Experts say that even if the Trump administration decides on a month-by-month basis whether to pay the subsidies, it could be unsettling to the insurance market.
If the subsidies are ended, that will affect more than consumers.
Experts say hospitals would face an increase in uncompensated care from patients who don’t have insurance.
Enrollment is another arena where the Trump administration could hurt Obamacare.
Fewer people participating in the ACA markets would further weaken the system.
The White House has already taken steps in this direction.
Last month, administration officials ended contracts in 18 major cities for people known as facilitators.
These assistants worked in libraries, businesses, and urban neighborhoods, helping people sign up for ACA insurance coverage.
Without them, experts say enrollment will decline.
“They are absolutely essential,” Dr. Meghana Rao, an OB-GYN who is on the board of directors for Doctors for America, told Healthline.
“It’s critically important that consumers have some place to go,” added Jeananne Sciabarra, executive director of Consumer Health First.
In addition, in April, officials at the Department of Health and Human Services (HHS) shortened the enrollment period in states under the federal marketplace.
Enrollment was originally scheduled to last from November 1 to January 31. That has been reduced to November 1 through December 15.
State-run exchanges have been encouraged to follow the same schedule.
Healthline contacted HHS officials for comment. A representative asked that Healthline email questions on these and other issues.
The email questions were sent, but HHS officials didn’t respond with answers.
What could happen soon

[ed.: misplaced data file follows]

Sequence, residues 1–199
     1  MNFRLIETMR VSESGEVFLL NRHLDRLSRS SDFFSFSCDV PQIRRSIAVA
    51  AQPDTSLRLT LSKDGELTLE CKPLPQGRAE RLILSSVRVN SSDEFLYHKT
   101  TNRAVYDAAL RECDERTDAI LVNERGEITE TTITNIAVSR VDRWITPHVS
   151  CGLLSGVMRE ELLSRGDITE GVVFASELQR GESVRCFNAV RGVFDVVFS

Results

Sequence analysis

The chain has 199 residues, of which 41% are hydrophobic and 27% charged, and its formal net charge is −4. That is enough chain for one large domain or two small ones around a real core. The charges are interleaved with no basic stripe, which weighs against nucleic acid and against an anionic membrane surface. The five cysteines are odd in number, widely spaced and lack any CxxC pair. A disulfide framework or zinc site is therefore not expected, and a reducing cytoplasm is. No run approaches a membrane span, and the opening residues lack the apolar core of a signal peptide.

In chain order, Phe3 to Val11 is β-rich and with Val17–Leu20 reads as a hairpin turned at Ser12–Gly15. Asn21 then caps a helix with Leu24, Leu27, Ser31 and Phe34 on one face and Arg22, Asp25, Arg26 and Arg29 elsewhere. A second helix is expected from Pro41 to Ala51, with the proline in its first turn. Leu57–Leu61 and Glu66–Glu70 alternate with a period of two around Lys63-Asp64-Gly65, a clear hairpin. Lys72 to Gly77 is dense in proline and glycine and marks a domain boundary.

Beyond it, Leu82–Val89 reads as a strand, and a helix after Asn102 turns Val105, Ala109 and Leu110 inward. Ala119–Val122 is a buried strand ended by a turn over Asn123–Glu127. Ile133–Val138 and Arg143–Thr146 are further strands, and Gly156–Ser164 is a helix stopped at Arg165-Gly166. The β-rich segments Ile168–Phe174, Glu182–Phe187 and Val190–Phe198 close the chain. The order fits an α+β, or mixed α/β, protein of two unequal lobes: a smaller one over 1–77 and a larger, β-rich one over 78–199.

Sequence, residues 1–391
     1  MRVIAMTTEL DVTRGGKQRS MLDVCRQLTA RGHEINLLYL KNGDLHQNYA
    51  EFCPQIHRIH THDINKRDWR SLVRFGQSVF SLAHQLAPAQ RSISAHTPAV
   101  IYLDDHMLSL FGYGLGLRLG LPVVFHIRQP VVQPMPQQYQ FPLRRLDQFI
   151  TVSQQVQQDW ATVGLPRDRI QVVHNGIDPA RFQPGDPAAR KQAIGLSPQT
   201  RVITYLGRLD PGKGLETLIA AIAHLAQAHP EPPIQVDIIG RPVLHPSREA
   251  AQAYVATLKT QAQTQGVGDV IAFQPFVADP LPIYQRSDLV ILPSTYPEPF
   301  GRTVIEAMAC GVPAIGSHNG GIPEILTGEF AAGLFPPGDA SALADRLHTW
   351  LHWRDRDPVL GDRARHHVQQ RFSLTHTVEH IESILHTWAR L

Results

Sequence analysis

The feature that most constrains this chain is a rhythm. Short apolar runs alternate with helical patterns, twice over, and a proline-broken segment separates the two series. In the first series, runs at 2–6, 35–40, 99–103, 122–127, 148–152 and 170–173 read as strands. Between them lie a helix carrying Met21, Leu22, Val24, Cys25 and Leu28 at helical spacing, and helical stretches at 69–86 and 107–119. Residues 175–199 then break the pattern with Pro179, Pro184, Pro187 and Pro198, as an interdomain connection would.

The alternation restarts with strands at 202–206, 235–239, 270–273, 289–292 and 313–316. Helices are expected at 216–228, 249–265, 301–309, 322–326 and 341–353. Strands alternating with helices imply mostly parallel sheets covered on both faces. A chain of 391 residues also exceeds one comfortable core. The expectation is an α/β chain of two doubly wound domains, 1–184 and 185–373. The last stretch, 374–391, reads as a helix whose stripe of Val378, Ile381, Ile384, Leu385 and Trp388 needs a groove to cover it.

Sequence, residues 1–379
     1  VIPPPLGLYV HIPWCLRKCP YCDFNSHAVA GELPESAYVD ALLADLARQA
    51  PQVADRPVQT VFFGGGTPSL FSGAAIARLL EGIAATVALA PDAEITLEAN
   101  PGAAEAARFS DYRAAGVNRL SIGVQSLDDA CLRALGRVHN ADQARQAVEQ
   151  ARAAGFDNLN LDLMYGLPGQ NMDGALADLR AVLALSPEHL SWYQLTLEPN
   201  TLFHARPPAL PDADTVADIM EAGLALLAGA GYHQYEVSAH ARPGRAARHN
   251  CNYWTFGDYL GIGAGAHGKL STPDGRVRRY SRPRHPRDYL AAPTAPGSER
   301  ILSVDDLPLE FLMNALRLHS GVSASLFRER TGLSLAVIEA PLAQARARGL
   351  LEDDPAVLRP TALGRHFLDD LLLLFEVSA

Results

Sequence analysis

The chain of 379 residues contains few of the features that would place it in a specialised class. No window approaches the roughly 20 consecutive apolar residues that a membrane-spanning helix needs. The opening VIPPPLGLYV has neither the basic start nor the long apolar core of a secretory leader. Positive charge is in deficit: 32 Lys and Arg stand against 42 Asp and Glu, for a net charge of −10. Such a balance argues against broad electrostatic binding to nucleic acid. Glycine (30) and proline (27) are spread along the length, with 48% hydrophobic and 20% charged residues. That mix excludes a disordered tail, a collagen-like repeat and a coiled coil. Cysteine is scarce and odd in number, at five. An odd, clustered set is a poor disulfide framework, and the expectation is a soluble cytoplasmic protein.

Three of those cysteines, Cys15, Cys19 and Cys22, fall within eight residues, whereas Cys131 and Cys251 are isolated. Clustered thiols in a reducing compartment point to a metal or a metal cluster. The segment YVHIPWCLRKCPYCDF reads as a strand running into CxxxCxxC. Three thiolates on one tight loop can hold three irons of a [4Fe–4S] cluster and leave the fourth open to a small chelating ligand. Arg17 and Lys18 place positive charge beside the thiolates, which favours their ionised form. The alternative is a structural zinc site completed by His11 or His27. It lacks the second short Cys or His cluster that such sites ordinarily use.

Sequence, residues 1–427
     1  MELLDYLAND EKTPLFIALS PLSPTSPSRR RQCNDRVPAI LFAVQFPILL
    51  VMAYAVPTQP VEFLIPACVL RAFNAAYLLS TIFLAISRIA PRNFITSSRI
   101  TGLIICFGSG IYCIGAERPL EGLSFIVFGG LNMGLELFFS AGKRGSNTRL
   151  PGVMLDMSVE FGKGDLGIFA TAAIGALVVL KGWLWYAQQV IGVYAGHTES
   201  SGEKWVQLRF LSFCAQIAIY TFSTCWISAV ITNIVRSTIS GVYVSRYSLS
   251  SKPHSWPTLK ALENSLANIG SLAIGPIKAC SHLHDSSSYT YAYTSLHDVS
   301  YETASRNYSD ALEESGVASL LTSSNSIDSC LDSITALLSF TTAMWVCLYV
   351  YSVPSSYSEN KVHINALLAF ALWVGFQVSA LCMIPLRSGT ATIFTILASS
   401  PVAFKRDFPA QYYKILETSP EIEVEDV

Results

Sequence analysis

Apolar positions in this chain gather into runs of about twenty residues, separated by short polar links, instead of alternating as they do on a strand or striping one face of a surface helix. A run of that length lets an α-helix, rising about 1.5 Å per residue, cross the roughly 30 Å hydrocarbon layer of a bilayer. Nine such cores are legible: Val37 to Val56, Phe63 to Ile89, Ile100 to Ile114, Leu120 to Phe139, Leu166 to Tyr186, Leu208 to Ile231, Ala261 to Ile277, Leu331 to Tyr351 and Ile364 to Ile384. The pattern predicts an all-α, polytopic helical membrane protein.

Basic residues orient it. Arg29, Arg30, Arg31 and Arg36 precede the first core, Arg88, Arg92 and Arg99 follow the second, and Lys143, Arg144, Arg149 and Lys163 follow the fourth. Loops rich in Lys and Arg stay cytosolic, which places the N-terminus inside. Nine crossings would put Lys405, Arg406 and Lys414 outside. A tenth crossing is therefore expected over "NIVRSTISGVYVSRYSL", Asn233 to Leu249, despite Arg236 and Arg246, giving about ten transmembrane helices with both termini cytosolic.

In the next few months, there are other ways the Trump administration could help derail Obamacare.
For starters, the White House could reduce or eliminate advertising and publicity for the upcoming enrollment period.
The administration already did this in late January at the end of the 2017 enrollment period when it pulled $5 million of Obamacare advertising.
The administration could also decide not to enforce the individual mandate.
That’s the requirement that everyone have insurance coverage. Those who don’t face a tax penalty when their file their income tax returns.
In fact, the Internal Revenue Service (IRS), under the direction of Trump administration officials, announced earlier this year it would process tax returns where the filer declined to state whether they had insurance.
The IRS could also decide not to enforce the tax penalty for those who do admit they went without insurance the previous year.
Experts say the individual mandate is crucial because it provides insurance companies with lower-cost, healthy individuals to balance out their more expensive, less healthy clients.
The administration could also decide not to enforce the ACA mandates on the minimum insurance requirement that employers must provide to their employees.
That could result in less healthcare coverage for people who get their insurance through their workplace.
The administration could also hurt Obamacare by what Sciabarra calls “sabotage through neglect.”
That includes not keeping the ACA website up to date or slowly processing government paperwork.
Whether the Trump administration will proceed with any of these measures is anybody’s guess.
“I think they figure if they let Obamacare fail, then they can blame the Democrats,” said Mosley. “But I don’t think that will work.”
“I wish I could predict what this administration will do,” added Rao. “I really hope they don’t go through with this.”